Mutual funds are an excellent tool to consider when it comes to your retirement investments.
They provide a more significant growth potential than you’d see if you invested your money in an annuity or a savings account. And, because they often involve a mixture of stocks and bonds, they’re less susceptible to changing market conditions than an investment portfolio that only contains one or the other.
At this point, you’re probably wondering, “What are the best mutual funds for my retirement?”
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Top Mutual Funds
Here’s a quick list top mutual funds you might choose for a retirement savings plan we’ve gathered after reading similar articles on websites operated by U.S. and World Report and Kiplinger’s Personal Finance magazine.
- Vanguard 500 Index Fund Admiral (VFIAX) – The Vanguard 500 Index Fund Admiral ranked at the top of Kiplinger and U.S. News’ lists because of its minuscule expense ratio, the diversity of its portfolio, and the overall yield its generated over the past ten years.
- Fidelity Advisor Equity Growth Fund (EPGAX) – Unlike the Vanguard 500, which is tethered to the S&P 500, the Fidelity Advisor Equity Growth Fund offers investors a more diverse portfolio that steps away from large cap stocks. It does carry a slightly higher expense ratio, though, which is why it took second place on U.S. News’ list and did not make Kiplinger’s list at all.
- Vanguard U.S. Growth Fund Investor (VWUSX) – The Vanguard U.S. Growth Fund Investor took second place among Kiplinger’s top funds for retirement. The magazine’s staff liked this fund, which did not rank on U.S. News’ list, because its saturation of technology stocks has resulted in significant gains over the past decade. However, they warn this oversaturation could pose a risk should the market for technology companies like Apple, Microsoft, and Tesla crumble.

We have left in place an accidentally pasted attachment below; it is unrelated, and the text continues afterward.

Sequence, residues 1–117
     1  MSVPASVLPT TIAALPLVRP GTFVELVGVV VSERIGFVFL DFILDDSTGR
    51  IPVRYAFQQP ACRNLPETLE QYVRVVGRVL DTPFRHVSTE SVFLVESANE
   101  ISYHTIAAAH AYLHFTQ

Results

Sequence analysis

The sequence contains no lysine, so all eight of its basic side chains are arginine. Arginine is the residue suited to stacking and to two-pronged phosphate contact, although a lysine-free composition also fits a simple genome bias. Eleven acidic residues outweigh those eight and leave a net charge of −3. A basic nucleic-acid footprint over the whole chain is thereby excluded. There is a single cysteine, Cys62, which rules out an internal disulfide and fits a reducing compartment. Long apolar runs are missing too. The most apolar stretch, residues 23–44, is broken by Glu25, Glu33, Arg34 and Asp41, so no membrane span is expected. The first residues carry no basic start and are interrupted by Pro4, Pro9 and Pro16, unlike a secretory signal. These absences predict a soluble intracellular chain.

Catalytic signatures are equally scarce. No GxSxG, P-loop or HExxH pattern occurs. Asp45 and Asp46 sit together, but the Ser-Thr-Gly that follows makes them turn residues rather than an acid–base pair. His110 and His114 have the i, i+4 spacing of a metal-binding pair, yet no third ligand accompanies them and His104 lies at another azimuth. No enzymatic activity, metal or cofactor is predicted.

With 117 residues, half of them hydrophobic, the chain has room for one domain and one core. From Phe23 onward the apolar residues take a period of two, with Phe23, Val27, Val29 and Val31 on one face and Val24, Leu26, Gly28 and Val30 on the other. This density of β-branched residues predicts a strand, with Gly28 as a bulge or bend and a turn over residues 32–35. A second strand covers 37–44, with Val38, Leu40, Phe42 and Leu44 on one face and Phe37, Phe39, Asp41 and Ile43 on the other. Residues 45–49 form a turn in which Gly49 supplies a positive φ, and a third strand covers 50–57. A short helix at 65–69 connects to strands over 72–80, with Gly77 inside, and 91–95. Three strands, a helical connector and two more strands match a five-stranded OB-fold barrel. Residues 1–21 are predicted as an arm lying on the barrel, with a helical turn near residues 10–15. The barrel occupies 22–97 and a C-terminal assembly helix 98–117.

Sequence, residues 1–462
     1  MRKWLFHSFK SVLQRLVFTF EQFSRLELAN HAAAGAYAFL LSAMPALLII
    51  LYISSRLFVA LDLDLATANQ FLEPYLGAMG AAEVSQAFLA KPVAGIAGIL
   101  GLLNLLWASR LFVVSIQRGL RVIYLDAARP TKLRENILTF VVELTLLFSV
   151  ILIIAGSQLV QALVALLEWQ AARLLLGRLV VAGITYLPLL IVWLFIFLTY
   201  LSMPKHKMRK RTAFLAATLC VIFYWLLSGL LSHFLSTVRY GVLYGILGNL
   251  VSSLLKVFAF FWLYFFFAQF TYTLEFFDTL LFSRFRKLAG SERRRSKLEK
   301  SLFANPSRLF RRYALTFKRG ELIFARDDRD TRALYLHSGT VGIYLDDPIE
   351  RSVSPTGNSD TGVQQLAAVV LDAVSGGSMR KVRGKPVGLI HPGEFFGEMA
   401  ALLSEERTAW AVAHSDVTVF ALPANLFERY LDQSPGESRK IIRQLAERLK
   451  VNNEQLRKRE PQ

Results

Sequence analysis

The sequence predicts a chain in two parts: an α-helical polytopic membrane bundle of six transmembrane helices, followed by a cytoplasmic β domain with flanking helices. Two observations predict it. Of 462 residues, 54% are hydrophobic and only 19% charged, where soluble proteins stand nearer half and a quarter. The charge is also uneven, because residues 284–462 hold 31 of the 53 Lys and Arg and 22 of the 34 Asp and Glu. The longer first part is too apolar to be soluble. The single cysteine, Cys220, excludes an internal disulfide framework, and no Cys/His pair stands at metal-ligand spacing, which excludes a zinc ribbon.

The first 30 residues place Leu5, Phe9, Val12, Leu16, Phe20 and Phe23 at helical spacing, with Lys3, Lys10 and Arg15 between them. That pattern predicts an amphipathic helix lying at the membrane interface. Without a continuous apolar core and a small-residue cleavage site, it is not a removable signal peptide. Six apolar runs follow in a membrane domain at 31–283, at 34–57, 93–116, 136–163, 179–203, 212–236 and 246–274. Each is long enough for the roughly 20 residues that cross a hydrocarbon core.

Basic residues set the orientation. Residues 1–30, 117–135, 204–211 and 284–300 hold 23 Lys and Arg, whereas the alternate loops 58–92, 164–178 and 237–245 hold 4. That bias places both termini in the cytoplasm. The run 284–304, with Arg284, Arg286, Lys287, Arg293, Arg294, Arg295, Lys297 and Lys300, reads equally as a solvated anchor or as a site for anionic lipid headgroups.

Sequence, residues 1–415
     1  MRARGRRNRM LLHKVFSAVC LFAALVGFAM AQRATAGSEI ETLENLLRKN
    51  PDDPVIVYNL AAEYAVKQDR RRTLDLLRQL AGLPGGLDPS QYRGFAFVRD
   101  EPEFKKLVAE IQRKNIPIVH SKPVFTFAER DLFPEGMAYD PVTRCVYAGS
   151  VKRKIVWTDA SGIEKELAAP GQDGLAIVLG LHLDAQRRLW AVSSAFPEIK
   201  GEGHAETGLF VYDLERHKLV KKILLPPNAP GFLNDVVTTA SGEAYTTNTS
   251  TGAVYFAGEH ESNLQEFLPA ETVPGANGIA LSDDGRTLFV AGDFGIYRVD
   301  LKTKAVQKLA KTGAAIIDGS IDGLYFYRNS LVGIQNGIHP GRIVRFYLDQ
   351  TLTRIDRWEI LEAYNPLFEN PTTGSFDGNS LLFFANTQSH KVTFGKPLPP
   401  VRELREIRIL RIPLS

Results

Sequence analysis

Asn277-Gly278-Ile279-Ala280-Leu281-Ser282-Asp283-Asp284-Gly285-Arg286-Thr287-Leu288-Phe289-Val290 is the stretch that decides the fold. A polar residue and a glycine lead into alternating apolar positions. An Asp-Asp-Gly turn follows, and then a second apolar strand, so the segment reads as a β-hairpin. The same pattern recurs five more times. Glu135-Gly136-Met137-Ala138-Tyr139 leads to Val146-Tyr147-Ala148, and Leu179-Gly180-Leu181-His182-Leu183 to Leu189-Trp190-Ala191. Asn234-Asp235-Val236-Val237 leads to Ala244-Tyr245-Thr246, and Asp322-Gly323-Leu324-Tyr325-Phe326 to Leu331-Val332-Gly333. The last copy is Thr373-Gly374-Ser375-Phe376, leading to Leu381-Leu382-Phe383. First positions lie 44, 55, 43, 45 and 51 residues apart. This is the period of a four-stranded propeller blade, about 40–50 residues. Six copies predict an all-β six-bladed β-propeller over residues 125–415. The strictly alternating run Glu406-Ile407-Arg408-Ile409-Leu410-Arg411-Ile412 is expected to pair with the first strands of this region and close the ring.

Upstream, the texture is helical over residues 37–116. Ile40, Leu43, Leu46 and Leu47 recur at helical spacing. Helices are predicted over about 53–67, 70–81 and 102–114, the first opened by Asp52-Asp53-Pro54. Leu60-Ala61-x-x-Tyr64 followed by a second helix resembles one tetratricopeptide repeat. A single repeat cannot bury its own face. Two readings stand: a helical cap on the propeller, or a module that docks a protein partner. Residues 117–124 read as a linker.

Kiplinger and U.S. News continue to differ on their top picks for mutual funds you should consider for your retirement or other long-term savings goals the further you get down each list.
The Vanguard Balanced Index Fund (VBIAX), the Pimco Income Fund (PIMIX), and the Fidelity Simplicity RMD Fund (FIRNX) round out U.S. News’ top five. Meanwhile, Kiplinger’s top five also features the Fidelity Strategic Dividend and Income Fund (FSDIX), the Parnassus Mid-Cap Fund (PARMX), and the Wasatch Micro Cap Fund Investor (WMICX).
The differences between these two lists shed light on the sheer diversity people may encounter when trying to find the best mutual fund to help them reach their retirement or other long-term savings goals. Even the Vanguard 500 Index Fund – which was the only mutual fund to make both U.S. News’ and Kiplinger’s lists — has a few disadvantages that keep it from being a universal best buy.
In the end, it’s also important to note that you are the person who’s choosing the mutual fund where you want to invest the money you have saved to meet your retirement goals. Only you can make this decision based on your desired rate of return and the risks you are willing to take to reach that goal.
Signing up for a free retirement planning workshop from PlanningCommunities.org is one of the best ways to start this process because it will give you a chance to learn more about what you’ll need for retirement and the tools that can get you there.
The knowledge you’ll gain from one of these workshop should help you figure out which mutual fund is the best pick based on your needs and not based on what the editors of two competing financial publications think you might like.